A Child's Calendar, by John Updike | Little Book, Big Story

Okay, so this book isn’t only about spring either, but it does fit spring within its context and I love that. John Updike wrote a poem for every month of the year, and Trina Schart Hyman’s illustrations follow one family through all four seasons, poem by poem. It’s a wonderful book, and the poem “April” contains one of my favorite lines about spring anywhere: “The blushing, girlish world unfolds.” If that doesn’t describe spring, what does?

The Reason for a Flower, by Ruth Heller

Once at a Young Author’s Conference, I heard Ruth Heller speak about illustrating children’s books. I liked her then, but I love her now—her detailed drawings and unexpected rhymes are just what subjects like grammar and botany need.

Anything by LM Montgomery

LM Montgomery | Little Book, Big Story

LM Montgomery’s books are worth reading at any time of the year. But there’s something about spring that makes me want to read and re-read her work, preferably on the front porch, where I can smell freshly tilled garden plots and see as many flowers as possible. (Read more about LM Montgomery.)

And A Bonus ONe, Just for You:

Humble Roots, by Hannah Anderson

Humble Roots: How Humility Grounds and Nourishes the Soul, by Hannah Anderson | Little Book, Big Story

Imagine that Animal, Vegetable, Miracle had been written by Elisabeth Elliot, and you’ll have some idea what to expect from this book. But even so Humble Roots will probably surprise you. Hannah Anderson mediates on the topic of humility, weaving in stories from her life in rural Virginia as well as a vignette about a different flower or plant for each chapter. This is already one of the best books I’ve read this year.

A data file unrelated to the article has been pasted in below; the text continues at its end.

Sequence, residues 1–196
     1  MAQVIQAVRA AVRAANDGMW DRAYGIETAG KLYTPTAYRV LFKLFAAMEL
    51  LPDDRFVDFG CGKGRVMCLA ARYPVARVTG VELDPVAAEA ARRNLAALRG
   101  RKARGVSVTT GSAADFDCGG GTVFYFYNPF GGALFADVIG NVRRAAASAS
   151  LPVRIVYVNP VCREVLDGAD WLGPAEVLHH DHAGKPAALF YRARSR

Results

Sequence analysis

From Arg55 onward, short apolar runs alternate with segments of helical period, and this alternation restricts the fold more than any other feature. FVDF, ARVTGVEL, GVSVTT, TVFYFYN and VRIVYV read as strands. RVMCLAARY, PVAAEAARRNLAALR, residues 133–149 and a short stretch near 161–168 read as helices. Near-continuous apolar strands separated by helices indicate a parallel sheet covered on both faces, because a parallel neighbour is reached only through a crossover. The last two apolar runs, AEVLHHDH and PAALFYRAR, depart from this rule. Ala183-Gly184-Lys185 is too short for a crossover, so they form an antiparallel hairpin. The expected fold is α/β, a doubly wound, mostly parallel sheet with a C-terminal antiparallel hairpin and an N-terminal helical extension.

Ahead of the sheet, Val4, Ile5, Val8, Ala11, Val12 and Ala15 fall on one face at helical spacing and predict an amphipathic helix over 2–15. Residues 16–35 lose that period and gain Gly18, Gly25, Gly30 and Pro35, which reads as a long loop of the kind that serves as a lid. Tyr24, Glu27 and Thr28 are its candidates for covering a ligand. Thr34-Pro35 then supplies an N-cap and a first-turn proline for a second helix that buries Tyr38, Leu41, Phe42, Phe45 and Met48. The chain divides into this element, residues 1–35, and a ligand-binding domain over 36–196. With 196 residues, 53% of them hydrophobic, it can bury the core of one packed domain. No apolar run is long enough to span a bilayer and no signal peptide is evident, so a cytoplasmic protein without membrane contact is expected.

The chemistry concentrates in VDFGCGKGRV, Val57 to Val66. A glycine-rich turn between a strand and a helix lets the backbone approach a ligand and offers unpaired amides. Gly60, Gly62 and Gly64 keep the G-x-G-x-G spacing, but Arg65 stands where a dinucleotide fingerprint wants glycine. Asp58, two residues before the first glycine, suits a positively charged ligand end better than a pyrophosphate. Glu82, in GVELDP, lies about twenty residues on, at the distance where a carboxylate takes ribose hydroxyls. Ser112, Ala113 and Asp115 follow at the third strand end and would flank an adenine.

An Aside

Have you had a chance to check out the new Book List? You can find it here, or you can learn more about it in this post.


What about you? What Books do you love reading in the first days of spring?

A Little Princess | Frances Hodgson Burnett

I love adventure stories. I love swashbuckling stories, and tales of the under dog, fighting against the odds. I love Treasure IslandRobinson Crusoe and The Swiss Family Robinson. I really do.

And yet, I can’t help but notice that my blog is heavy on books with interesting heroines, nestled into the sort of stories that do more to warm the heart than get the blood pumping. But that’s just life with small daughters, I suppose (especially when the eldest of the clan* is a sensitive soul with a love of language, old-fashioned things and characters with rich inner lives).